The land destruction plan is amazing against other Vivid land decks, including the mirror. PV and LSV were skeptical at first, and why wouldn’t they be? Siding in Stone Rains vs. a 40 land deck is fairly awkward, but it plays out much better than expected, mostly due to cascade. Things like Crusher and Deny Reality really go a long way to ensuring that you have a steady stream of disruption. You don’t need to kill all of their lands, you just need to kill their good ones and color screw them, or just keep them off of the combo. After I 8-0ed LSV in sideboarded games, he was on board.

I considered a wide array of cards in the maindeck, including stuff like Beseech the Queen and Diabolic Tutor, but those just seemed worse than anything with cascade or Primal Command. We cut Ad Nauseam because we definitely didn’t want it maindeck, and would rather have Stone Rains in the sideboard. At no point did we want Ad Nauseam vs. anything.

Primal Command was sick. We were “only” running 40 lands (man I love this deck!), so while our chances of comboing out was pretty high, we still would have some problems vs. Kitchen Finks and Ajani, or we would be a little short if we had to use Seismic early if we under pressure. Primal Command solved that problem, by allowing us to draw our deck, kill all of their threats if necessary, untap, Primal, and do it all over again, hopefully this time for lethal. Even if not, we can just go infinite with the two Commands.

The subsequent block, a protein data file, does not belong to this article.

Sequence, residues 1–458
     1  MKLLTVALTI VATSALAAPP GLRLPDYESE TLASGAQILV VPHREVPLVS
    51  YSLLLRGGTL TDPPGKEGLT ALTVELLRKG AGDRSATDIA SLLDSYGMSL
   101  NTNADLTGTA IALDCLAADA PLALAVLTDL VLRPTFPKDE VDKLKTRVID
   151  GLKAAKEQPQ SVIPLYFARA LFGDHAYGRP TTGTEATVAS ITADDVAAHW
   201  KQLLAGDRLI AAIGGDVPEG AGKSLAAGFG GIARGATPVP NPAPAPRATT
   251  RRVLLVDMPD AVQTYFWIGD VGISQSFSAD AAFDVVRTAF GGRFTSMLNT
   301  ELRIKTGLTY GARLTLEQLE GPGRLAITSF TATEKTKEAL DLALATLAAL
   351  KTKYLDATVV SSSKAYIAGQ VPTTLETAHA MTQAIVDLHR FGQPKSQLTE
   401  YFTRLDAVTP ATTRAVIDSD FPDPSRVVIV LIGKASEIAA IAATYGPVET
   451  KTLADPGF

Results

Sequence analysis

If I was going to do it all over again, I would probably play another Primal instead of the fourth Deny Reality. Deny was good, but it was often hit or miss, whereas you know exactly what Primal is going to get you.

I figure it’s worth noting that I had three byes, based on the fact that Cedric only had two, and he has a recent PT top eight.

Round Four: RBG Aggro